A colourful calling

A colourful calling

l Creative pursuits

A colourful calling

The satisfaction she gets from working with her hands is unparallelled, says Mita Majithia, a former software professional who now makes lamps using cardboard.

Like many others in the city who started off with other careers, it took her a few years to realise that craft was her calling. Hers is a journey that meandered through interior designing — even while she had many artistic pursuits on the side — before she started creating home decor items out of corrugated cardboard.

“About half my time is dedicated to ‘Corr Beauty’, my brand, and the other half to my projects,” says the interior designer. Her stint in the IT sector lasted about five years. “Had I still been in that field, I would probably have been getting bored,” she adds, 10 years since she moved away from it.

She first experimented with corrugated cardboard 15 years ago. “I used them for about five years,” she says. Does she plan to give furniture a shot again? “I don’t know. I know quite a few others in the country who are doing that, but what I’m doing is more unique. Moreover, I will have to get the cardboard cut at a factory for furniture — I can’t work with my hands much then.”

Mangala Madhuchand was also part of the world of design and architecture before she shifted her focus to art and craft. “I was always interested in painting, but as a student, I couldn’t afford to go for classes,” she says. “Perhaps, that’s why I chose architecture; I though it would keep me in touch with my creative side.”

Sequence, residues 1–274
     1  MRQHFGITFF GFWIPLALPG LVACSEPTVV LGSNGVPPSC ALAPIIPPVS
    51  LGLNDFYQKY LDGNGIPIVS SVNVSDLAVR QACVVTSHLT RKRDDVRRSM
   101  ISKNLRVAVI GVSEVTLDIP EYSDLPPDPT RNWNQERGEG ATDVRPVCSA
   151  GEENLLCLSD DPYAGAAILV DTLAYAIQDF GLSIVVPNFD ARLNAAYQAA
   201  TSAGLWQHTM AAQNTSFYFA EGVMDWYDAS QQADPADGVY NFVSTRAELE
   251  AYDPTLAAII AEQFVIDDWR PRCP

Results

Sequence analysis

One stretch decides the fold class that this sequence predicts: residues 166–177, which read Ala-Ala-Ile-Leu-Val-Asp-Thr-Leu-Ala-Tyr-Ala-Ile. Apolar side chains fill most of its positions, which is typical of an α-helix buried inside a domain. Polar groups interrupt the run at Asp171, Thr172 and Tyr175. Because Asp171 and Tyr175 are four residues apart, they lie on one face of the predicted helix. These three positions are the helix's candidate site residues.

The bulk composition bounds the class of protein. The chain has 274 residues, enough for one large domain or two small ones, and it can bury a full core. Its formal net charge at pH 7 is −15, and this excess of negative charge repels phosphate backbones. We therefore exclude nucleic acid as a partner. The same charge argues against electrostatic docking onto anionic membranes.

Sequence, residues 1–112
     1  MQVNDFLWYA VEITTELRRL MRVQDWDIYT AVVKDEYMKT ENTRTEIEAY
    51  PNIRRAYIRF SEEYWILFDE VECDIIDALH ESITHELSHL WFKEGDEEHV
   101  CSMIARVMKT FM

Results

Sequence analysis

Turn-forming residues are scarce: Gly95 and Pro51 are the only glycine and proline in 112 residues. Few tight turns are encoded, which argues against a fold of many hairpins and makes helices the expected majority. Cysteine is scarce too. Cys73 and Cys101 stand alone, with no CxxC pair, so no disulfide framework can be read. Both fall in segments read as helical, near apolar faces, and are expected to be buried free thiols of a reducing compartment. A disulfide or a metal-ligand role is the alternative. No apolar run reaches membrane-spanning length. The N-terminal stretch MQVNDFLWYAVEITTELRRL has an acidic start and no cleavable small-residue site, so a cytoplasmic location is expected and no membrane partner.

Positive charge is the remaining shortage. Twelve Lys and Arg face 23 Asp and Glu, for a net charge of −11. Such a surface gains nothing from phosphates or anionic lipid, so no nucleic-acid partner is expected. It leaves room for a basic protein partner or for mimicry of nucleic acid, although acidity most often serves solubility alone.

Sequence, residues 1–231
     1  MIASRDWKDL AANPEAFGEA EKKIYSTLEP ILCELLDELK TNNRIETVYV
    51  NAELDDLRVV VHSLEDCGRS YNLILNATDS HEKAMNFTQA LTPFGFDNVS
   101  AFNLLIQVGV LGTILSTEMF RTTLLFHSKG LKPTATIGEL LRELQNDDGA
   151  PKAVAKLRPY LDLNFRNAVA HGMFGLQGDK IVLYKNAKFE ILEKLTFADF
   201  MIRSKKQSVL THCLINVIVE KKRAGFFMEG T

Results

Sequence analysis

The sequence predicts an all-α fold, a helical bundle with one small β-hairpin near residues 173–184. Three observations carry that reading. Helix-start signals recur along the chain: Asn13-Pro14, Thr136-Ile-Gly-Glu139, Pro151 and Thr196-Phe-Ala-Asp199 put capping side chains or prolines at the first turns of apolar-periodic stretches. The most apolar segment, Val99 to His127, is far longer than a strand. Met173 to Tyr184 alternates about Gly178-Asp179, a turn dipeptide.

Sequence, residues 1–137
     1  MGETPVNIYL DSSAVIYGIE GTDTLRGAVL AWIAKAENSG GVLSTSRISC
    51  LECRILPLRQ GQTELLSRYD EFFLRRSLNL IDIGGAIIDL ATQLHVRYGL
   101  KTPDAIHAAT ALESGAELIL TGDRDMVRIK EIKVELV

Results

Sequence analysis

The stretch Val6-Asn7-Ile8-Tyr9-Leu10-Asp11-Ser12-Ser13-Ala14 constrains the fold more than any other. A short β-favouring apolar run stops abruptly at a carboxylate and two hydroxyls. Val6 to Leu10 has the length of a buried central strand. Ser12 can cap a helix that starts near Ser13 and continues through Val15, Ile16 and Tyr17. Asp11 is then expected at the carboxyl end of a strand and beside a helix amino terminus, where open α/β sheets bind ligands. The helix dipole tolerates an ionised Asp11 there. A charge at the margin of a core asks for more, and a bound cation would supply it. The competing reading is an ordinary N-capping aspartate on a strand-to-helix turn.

This didn’t happen to the extent she hoped. “And once designing software came in, we didn’t work with out hands any more,” she says. So in 2010, she quit her job and took to blogging, painting, doing murals and other craft.

“Sometimes I help with my husband, also an architect, with drawings,” she says. However, from being her main focus, architecure is now one of the things she does on the side. “But art is not my profession,” she says.

A chance portrait commission from a friend while she was still working as a software engineer a couple of years ago turned Shantha Prabhu’s life around. “Art and craft was a hobby back then, but I didn’t get much time for it,” she says.

The initial year-and-a-half was not easy, she adds. “You’re used to a regular income; here, you have to invest a lot on your projects at first,” she explains. Nevertheless, thanks to her choice, she now lives the colourful dream she craved while she put hours at her desk. And income has stabilised.

“I know over 40 forms and styles of art and craft, including various styles of painting,” she says. She writes DIY pieces for a hobbies website for which she experiments with MDF, air dry clay and even does decoupage and mixed-media murals.  “It’s the wedding season now, so I’ve also made some wedding masks. From shopping to making these articles and teaching others (through workshops or DIY pieces), I enjoy every bit of what I do,” she adds.

MBA graduate Manveen Kaur quit her digital marketing job earlier this year to found her own business ‘Hobby in a Box’. Prior to that, she often conducted workshops in glass bottle cutting, glass etching, candle-making and the like. “But then, I realised that there was a lot of interest and people were willing to pay to do these things,” she observes. So the store makes DIY hobby kits for adults.

“I’ve noticed that a lot of DIY information available online — blogs and YouTube videos — are applicable to the only to the US. This is true of both the raw materials as well as the method,” she says. “Being someone who has the urge to figure out how to make anything new I see, this career path seemed a natural choice.”

And with craft, as she pointed out, becoming a more lucrative option, why not?